About 66,000 borrowers will have their private student loans forgiven – totaling more than $1.7 billion in relief – thanks to an agreement between 39 state attorneys general and student loan giant Navient NAVI,
In addition, the agreement will provide approximately $95 million in payments to 350,000 federal student borrowers, whom Navient would have directed to unnecessarily expensive repayment programs.
The settlement concludes years of legal battles between state attorneys general and Navient over the company’s treatment of student loan borrowers. Lawsuits filed in various states detailed allegations about the company’s behavior in many aspects of the student loan industry, including the provision of private student loans and the servicing of federal student loans – a business the company left l ‘last year. The settlement does not resolve a lawsuit brought by the Consumer Financial Protection Bureau against Navient in 2017.
“The bottom line is this: Navient knew people were counting on their loans to improve their lives and the lives of their children, and instead of helping them, they ran a multi-billion dollar scam,” said Josh Shapiro , Attorney General of Pennsylvania. told reporters.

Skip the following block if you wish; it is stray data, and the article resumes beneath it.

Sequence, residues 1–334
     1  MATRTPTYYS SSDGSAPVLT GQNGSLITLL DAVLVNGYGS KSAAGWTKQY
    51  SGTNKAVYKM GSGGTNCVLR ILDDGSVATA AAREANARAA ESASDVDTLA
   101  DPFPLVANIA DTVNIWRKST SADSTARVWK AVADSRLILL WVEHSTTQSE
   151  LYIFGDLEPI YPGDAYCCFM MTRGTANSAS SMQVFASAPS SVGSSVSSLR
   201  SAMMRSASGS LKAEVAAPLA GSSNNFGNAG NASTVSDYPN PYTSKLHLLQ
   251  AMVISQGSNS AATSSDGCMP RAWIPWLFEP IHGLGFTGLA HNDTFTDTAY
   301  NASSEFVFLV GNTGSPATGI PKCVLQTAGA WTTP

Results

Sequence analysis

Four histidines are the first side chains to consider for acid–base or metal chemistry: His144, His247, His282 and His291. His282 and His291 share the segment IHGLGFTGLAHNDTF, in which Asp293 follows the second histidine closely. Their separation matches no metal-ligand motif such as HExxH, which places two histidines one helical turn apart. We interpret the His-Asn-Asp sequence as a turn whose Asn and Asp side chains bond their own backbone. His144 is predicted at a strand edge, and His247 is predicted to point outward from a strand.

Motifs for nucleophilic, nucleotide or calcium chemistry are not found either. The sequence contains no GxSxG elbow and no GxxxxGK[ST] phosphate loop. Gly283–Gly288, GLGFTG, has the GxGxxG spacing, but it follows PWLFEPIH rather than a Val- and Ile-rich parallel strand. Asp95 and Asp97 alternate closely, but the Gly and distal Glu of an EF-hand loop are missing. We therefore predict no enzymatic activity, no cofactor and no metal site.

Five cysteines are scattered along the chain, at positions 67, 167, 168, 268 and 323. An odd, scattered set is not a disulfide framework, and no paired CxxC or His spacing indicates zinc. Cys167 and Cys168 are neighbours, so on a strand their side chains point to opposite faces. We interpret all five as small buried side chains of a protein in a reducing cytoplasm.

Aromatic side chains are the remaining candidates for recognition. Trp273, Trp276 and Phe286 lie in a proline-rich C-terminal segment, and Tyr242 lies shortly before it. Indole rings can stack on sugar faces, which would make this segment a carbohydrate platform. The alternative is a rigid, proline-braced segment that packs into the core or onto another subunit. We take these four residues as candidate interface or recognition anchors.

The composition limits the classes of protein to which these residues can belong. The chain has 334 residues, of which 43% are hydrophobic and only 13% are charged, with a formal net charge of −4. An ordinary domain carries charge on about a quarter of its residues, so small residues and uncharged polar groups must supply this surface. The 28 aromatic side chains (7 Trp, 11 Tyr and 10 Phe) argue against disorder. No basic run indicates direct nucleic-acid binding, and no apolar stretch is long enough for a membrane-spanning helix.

In a statement, Mark Heleen, Navient’s chief legal officer, called the claims covered by the settlement “unsubstantiated”, adding that the settlement allows the company “to avoid the burden, expense, time and additional distractions prevailing in the courts”.
“Navient is and has always been focused on helping student borrowers understand and select the right payment options to meet their needs,” added Heleen.
Navient has denied any wrongdoing in connection with the deal. Yet attorneys general have claimed they would have prevailed in court had the prosecution continued.
“No matter what they admit or not,” said Shapiro, who is also a candidate for governor of Pennsylvania, “actions speak louder than words.” In Pennsylvania, a judge denied Navient’s motion to dismiss the case in 2020. In Washington, a court found last year that Navient violated consumer protection law. The ruling surrounded one of the allegations that were part of the lawsuit filed by Washington Attorney General Bob Ferguson’s office in 2017. That lawsuit was settled as part of the settlement announced Thursday.